20 January 2015
At the present time I hold a view of civilization that is quite broad, and which pushes civilization back to the origins of settled agrarianism. As I see it, all of the essential institutions come into place quite early, although they are present in a very rudimentary form. The first few thousand years of civilization, given this broad conception, consist of a painfully slow and incremental refinement of these rudimentary institutions until they become undeniably civilization, and we find fully developed literature, monumental architecture, elaborate social differentiation and organized religion, another other social institutions.
I did not always hold this broad conception of civilization, and I would say that it was a study of prehistory that was decisive in the evolution of my broad view of civilization. Yet I do not doubt or deny that there are many persons who know much more about prehistory than I do and who nevertheless deny to the efforts of prehistoric humanity the title of civilization. It was once customary (that is an unsatisfactory word in this context) to identify civilization with the historical period, and to identify the beginning of the historical period with the invention of written language. While written language did play an important role in the organization of civilization, it must be accounted a coincidence (or, at most, as loosely-coupled association) that fully developed civilizations of antiquity appeared at about the same time in the historical record as written language. I suppose that my own view, before I became critical of my own presuppositions, was to more or less identify civilization with the emergence of written history, so that I formerly accepted this historiographical convention.
In many of my posts on civilization I have referenced Kenneth Clark’s book and television series Civilisation: A Personal View, and in this work we can find hints of a very narrow conception of civilization, which stands out as all the more interesting to me as it contrasts so sharply with my own views at present. This narrow conception of civilization is most apparent in the discussion of England in Chapter 6, in the context of the Protestant Reformation. Early in the chapter Clark mentions in passing, “…the barbarous and disorderly state of England in the fifteenth century,” and later in the same chapter he wrote:
“I suppose it is debatable how far Elizabethan England can be called civilised. Certainly it does not provide a reproducible pattern of civilisation as does, for example, eighteenth century France. It was brutal, unscrupulous and disorderly.”
Kenneth Clark, Civilisation: A Personal View, New York et al.: Harper and Row, 1969, p. 163
Certainly any conception of civilization that would deny that Elizabethan England — for some, a high point of civilization — constitutes a civilization is a narrow conception indeed, but Clark immediately goes on to add a number of intangible considerations in the characterization of civilization:
“…if the first requisites of civilization are intellectual energy, freedom of mind, a sense of beauty and a craving for immortality, then the age of Marlowe and Spenser, of Dowland and Byrd, was a kind of civilisation.”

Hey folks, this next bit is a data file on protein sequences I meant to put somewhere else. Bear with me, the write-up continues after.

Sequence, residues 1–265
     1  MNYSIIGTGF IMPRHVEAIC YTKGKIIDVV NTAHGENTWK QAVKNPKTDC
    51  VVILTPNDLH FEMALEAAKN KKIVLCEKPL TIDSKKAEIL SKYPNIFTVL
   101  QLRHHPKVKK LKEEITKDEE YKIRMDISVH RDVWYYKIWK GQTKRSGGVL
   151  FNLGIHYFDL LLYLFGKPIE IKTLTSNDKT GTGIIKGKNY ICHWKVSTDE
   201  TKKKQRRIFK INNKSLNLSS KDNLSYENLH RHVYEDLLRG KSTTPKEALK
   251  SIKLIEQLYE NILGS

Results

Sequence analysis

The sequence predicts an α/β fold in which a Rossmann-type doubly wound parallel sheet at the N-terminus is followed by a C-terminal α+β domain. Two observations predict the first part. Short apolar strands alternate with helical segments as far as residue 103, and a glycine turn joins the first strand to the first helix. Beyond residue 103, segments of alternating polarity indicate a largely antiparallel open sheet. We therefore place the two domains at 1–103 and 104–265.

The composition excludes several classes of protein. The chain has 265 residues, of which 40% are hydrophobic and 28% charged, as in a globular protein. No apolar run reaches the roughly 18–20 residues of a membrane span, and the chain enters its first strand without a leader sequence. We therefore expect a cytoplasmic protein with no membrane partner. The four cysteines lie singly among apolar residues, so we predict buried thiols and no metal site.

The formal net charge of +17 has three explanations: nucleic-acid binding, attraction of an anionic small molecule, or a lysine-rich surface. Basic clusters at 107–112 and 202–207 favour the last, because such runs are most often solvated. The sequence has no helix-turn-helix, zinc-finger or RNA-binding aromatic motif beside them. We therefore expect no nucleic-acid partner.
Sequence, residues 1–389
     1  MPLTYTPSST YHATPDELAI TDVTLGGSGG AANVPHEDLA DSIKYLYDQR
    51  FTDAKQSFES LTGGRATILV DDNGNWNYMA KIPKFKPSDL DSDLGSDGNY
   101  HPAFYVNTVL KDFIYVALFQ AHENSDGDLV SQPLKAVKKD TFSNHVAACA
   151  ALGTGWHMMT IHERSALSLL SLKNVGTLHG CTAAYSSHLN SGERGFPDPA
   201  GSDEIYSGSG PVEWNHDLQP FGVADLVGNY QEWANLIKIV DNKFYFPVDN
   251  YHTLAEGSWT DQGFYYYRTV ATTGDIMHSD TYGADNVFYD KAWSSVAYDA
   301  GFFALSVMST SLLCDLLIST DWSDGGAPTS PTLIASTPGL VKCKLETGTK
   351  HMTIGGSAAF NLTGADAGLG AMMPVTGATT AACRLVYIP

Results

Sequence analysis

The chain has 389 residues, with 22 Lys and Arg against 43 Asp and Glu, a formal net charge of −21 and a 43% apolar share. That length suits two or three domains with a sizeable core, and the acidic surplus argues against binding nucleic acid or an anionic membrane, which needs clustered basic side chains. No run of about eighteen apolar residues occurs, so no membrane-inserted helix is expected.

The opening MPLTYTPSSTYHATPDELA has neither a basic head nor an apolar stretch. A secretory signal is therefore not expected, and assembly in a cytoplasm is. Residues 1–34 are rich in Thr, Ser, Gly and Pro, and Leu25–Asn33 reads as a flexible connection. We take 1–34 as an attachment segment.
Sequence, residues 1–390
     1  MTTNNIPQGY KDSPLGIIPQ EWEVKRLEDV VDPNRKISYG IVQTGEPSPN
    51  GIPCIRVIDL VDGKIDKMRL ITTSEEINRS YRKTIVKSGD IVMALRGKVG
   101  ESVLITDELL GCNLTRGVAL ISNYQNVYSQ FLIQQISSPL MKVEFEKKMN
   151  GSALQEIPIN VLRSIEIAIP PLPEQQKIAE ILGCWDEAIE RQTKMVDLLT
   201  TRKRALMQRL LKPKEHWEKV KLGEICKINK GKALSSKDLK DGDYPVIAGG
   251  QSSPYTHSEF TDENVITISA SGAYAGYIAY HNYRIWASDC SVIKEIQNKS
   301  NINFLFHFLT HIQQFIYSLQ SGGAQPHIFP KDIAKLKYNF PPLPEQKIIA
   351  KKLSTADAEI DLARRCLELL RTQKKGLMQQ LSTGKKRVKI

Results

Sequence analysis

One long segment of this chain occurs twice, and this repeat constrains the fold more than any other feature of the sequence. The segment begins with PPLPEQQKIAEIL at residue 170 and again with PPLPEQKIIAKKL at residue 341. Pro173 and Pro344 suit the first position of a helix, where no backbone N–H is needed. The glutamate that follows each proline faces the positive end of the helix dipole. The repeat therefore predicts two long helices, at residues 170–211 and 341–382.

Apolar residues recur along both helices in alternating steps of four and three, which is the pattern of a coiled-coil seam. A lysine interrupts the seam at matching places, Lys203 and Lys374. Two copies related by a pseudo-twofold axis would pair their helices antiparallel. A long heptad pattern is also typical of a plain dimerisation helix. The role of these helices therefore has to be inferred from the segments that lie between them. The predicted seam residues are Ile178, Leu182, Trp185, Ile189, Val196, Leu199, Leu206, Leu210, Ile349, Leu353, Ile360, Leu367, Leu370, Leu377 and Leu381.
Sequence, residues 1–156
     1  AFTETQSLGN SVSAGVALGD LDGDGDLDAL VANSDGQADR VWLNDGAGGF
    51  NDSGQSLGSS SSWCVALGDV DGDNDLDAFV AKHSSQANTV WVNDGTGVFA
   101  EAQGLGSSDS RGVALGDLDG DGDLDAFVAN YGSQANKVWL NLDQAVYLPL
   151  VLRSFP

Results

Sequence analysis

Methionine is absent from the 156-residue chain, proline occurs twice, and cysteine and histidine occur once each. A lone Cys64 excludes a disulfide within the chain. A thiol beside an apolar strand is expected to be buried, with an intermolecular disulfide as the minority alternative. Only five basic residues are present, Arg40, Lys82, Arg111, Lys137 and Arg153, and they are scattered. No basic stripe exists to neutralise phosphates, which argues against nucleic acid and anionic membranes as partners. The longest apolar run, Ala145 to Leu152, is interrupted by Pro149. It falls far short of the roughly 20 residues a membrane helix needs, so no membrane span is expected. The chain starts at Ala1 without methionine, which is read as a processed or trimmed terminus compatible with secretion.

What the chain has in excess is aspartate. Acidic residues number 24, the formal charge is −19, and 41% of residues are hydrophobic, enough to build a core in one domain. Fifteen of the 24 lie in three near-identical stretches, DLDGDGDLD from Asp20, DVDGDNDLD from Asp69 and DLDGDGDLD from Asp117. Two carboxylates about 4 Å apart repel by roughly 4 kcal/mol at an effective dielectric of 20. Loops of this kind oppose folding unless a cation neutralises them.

Here Clark concedes that Elizabethan England was a kind of civilization; in other words, there are distinct varieties of civilization, some of which we would unproblematically identify as civilization, and some marginal cases, like Elizabethan England, which might be plausibly interpreted as a civilization if we judge the period sympathetically. This is still a rather narrow conception.
I don’t have any interest in either defending or criticizing this particular judgment, but I am interested in the principles implicit in this judgment, as the contrast of narrow and broad conceptions of civilization may be considered comparative concepts in the study of civilzation, which can contribute to a more scientific understanding. Early in the book Clark disclaims any idea of civilization and offers no definition, but as his exposition develops a number of principles manifest themselves in the narrative. The example of eighteenth-century France comes up several times, so that we may conclude that, for Clark, this constituted a paradigm of civilization.
Strangely enough — strange because it seems like it comes out of an entirely distinct scholarly context, or, one might say, out of a different civilization — this seems also to have been the view of Michel Foucault, who frequently in his historical writings (by which I mean the earlier books thaat are narrowly focused case studies of madness, prisons, clinics, and the human sciences) uses the term “The Classical Age” (l’âge classique), which for Foucault seems to mean the seventeenth and eighteenth centuries — though Foucault no more offers a definition of l’âge classique than Clark offers a definition of civilization. For Foucault, l’âge classique constituted a particular épistème in the development of civilization, and one superseded by the emergence of the modern world.
Though Clark and Foucault give us no definitions, Clark does offer the intriguing hint that eighteenth century France provides a pattern that can be reproduced, whereas Elizabethan England does not. This idea of a reproducible pattern of civilization I have called (again, drawing on references to Clark) the iterative conception of civilization, and I have contrasted the iterative conception to the heroic conception of civilization. If this contrast holds good in this context, then, if Elizabethan civilization, as Clark allows, is a kind of civilization, it is an heroic civilization. And certainly Shakespeare is an heroic figure in literature, a singular genius who transformed the language thus creating the conditions of a civilization of the word — another idea that Clark introduces, and contrasts to the civilization of the image, i.e., the civilization of medieval Catholicism.
By the end of Chapter 8, Clark specifically singles out England as an exemplar of civilization, a new paradigm, as it were, to set next to the salons of eighteenth century France, though this is the England of Christopher Wren rather than the England of Shakespeare. Of Wren’s Royal Naval hospital at Greenwich and its dining hall Clark wrote:
“…the result is the greatest architectural unit built in England since the Middle Ages. It is sober without being dull, massive without being oppressive. What is civilisation? A state of mind where it is thought desirable for a naval hospital to look like this and for the inmates to dine in a splendidly decorated hall.”